peak related to the urethane carbonyl functionality at 1743 cm
, while that corresponding
to blowing by the urea carbonyl group at 1664
. Figure 1(d) depicts the variation of
peaks corresponding to urethane and urea functions for glycerol modified PU foam at an
isocyanate (NCO) index of 150. It is observed that the concentration of the urethane
functionalities increases, while that due to urea group is decreased with rise in level of
glycerol. This supports enhanced networking reactions leading to urethane formation at
increasing levels of glycerol. Presence of glycerol increases the hydroxyl functionality of a
polyurethane system [2]. As the glycerol level is increased, an enhanced isocyanate-glycerol
reaction leads to urethane formation, which results in reduced foaming. To check how the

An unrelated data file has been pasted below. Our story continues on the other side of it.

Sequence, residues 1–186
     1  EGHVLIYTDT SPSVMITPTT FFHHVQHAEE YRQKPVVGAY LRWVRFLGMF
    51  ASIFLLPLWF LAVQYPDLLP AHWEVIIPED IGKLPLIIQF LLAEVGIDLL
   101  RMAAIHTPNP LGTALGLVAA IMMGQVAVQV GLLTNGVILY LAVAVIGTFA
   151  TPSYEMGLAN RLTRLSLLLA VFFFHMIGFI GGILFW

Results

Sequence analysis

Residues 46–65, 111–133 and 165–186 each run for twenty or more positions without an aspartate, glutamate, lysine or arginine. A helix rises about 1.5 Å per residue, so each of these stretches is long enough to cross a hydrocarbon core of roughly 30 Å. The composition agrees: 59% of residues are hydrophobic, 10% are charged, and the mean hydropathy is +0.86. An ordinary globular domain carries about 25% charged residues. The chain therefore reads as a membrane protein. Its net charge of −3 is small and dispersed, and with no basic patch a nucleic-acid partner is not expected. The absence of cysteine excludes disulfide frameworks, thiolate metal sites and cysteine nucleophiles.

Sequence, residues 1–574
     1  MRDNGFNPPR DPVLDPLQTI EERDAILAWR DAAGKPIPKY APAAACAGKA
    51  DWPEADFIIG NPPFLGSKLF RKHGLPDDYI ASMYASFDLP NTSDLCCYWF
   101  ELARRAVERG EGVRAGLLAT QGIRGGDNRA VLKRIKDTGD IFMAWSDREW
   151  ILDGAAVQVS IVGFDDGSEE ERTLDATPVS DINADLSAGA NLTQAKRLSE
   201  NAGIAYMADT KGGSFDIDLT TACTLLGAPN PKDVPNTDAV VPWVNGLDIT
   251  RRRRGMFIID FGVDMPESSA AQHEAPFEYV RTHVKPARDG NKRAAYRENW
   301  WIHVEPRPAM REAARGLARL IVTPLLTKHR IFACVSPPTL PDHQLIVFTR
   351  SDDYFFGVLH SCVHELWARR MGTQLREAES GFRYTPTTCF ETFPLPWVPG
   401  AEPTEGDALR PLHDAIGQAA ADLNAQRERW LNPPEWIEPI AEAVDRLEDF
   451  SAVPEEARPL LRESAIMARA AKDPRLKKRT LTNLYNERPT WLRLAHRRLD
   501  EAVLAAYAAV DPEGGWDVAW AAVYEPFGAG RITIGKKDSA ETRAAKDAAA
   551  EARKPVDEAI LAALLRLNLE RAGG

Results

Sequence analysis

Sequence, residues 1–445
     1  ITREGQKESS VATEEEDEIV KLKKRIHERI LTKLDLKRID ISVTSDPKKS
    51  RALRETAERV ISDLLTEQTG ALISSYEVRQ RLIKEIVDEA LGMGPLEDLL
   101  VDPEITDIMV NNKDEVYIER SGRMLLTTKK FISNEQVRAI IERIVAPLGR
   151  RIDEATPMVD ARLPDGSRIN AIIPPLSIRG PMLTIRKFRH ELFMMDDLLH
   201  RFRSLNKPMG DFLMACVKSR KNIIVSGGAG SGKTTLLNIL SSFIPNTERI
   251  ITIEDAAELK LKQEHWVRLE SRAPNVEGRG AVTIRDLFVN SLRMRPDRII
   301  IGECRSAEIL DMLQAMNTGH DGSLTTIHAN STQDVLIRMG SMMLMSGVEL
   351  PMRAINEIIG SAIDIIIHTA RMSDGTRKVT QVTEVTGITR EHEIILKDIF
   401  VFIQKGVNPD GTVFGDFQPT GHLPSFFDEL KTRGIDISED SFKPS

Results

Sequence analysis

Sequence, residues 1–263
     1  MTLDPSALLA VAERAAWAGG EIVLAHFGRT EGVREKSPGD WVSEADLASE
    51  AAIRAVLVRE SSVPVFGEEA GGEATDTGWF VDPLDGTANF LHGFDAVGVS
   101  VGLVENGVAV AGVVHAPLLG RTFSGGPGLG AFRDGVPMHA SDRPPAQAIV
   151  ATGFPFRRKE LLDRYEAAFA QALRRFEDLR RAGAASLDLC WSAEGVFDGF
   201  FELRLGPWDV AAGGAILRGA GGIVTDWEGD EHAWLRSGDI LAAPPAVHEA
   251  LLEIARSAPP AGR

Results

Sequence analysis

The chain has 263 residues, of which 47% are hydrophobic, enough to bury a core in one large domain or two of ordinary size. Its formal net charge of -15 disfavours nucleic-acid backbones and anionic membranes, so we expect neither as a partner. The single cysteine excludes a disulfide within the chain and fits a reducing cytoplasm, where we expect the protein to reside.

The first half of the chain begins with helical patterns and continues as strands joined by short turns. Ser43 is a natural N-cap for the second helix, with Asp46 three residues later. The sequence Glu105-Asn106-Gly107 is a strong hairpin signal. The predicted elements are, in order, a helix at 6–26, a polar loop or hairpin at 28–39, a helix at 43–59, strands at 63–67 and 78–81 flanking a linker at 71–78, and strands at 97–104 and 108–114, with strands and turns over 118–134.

foaming behavior varies with NCO index, IR features have been compared at two NCO
indices. Figure 1(e–f) represents the comparative variation of the urethane and urea
functionalities at isocyanate indices of 150 and 200. It is observed that with increase in the
0 5 10 15 20 25 30
Rise height (cm)
NCO index: 150
NCO index: 200
Figure 1. (a) Rise height of glycerol modified soy polyurethane foams at different isocyanate (NCO) indices.
(b) Density of various soy polyurethane foams at different levels of glycerol and NCO indices. (c) Typical IR
spectra of a polyurethane foam based on soybean oil. (d) Variation of absorbance ratio due to urethane and
urea functional groups of various soy polyurethane foams modified with different levels of glycerol at a fixed
NCO index of 150. (e) Variation of AR due to urethane carbonyl group of various soy polyurethane foams with
levels of glycerol and at different NCO indices. (f) Plot depicting change in AR due to urea carbonyl group of
soy polyurethane foams at different levels of glycerol and NCO indices. (g) Fiber time of different glycerol
modified soy polyurethane foams at various isocyanate indices. (h) SEM photograph of a soy polyurethane